1. Ida (2014)- Snowy settings, dreary interiors and square black and white cinematography.... yes we're in Polish cinema territory. But those cliches aside, Pawel Pawlikowski's mannered character study of an incoming nun discovering her family's hushed history is quietly moving. And young Agata Trzebuchowska's indelible face is just made for black and white.
2. Cheap Thrills (2013)- Clumsily made and over-acted, E.L.Katz's hipster gore film makes me hate actor David Koechner even more. Two buddies (Pat Healy and Ethan Embry) stumble into a couple looking for demented fun, and "Cheap Thrills" turns into an endurance test... not because of the escalating violence but due to its smarmy logic and uninteresting characters.
3. A Safe Place (1971)- Indie director Henry Jaglom's first film got me interested due to its starring role by the beautiful Tuesday Weld. It's story sounded even more intriguing: a film that charts the fragmented life of a young girl and the decisions she makes in romance. If it was anything like Weld's performances in Frank Perry's under seen "Play It As It Lays", I'd be in for a treat. Instead, we get a head-spinning blend of hippie jargon, long and undisciplined scenes, and a weird Orson Welles as some sort of father figure/magician/homeless park guy. Really, really bad. But then again, I never quite got Jaglom.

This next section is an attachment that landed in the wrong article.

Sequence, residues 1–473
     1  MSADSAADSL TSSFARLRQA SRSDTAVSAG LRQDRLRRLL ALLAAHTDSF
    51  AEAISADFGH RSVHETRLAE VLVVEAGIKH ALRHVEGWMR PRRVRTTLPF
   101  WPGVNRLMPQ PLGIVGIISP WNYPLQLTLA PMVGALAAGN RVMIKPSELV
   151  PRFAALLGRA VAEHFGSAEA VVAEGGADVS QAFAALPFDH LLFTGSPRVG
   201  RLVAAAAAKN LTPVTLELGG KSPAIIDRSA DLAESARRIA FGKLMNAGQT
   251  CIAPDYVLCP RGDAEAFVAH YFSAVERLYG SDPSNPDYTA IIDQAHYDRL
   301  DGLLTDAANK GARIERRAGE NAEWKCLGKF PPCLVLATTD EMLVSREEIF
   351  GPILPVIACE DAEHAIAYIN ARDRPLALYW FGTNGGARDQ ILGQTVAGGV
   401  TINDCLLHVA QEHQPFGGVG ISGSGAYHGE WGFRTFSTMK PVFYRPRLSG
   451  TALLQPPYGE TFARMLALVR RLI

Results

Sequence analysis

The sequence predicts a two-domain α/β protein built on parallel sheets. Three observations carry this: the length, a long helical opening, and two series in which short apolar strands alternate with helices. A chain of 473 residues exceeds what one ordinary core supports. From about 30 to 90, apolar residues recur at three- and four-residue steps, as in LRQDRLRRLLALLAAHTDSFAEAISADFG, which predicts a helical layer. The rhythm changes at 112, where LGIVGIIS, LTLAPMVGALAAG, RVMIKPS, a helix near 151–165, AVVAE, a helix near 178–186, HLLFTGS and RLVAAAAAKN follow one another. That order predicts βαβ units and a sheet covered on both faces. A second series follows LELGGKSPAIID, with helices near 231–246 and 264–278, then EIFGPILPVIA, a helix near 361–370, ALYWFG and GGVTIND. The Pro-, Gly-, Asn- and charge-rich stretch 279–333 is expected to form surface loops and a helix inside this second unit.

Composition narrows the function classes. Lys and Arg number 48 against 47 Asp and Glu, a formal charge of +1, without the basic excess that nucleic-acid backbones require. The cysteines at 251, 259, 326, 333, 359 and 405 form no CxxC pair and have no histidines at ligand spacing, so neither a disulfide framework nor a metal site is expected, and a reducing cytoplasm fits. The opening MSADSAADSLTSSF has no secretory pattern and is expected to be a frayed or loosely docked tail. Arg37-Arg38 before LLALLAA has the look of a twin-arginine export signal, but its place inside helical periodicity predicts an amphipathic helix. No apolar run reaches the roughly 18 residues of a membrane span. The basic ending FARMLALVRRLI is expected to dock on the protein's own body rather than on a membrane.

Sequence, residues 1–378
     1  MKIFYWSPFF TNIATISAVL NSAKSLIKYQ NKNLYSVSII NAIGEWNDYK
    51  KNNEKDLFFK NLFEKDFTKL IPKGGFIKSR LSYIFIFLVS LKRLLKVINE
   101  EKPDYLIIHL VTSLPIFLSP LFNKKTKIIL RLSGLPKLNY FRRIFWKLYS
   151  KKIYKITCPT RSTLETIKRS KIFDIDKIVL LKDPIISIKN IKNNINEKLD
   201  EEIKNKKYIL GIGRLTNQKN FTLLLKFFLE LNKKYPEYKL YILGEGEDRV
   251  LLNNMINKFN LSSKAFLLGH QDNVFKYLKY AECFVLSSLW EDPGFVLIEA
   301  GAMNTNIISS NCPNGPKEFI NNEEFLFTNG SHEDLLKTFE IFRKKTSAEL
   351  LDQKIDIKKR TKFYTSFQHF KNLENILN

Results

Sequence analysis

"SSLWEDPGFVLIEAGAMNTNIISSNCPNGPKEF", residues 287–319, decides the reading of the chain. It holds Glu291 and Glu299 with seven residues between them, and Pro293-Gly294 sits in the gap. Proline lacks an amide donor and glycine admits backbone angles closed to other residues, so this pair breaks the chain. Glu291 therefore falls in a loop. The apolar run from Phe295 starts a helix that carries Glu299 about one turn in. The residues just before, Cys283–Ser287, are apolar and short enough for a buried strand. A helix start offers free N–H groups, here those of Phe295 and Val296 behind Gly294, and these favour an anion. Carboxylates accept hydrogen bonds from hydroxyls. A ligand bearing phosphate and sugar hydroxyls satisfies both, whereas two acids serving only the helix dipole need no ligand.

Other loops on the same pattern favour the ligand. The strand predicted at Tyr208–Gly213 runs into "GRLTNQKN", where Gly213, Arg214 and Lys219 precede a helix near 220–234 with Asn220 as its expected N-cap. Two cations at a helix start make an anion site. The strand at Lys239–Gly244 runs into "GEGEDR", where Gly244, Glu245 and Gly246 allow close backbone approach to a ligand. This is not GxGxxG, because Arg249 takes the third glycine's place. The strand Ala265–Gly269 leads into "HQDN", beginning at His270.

4. Blood Ties (2013)- I really wanted to like Guillame Canet's 70's crime film. Written by James Gray, it has his fingerprints in the textured story of good vs bad brothers and the women/fathers caught up in the middle, yet it plays the conflict way too broadly. There are too many head-scratching, beyond belief moments towards the end and everyone feels like they're acting so much. It is nice to see Billy Crudup return to the screen, though.
5. True Detective (2014)- I doubt I'll see a better TV or movie event this year. This is one brilliant, psychologically complex murder mystery that weaves its Southern jargon around a smoldering story that spans two decades. The places this show goes is scary... and not the haunted Louisianna settings but the addictions and outlooks on life spewed from its worn detectives played to perfection by Woody Harrleson and Matthew McCoughnahey. This scene alone is incredible.
True Detective was excellent.
Post a Comment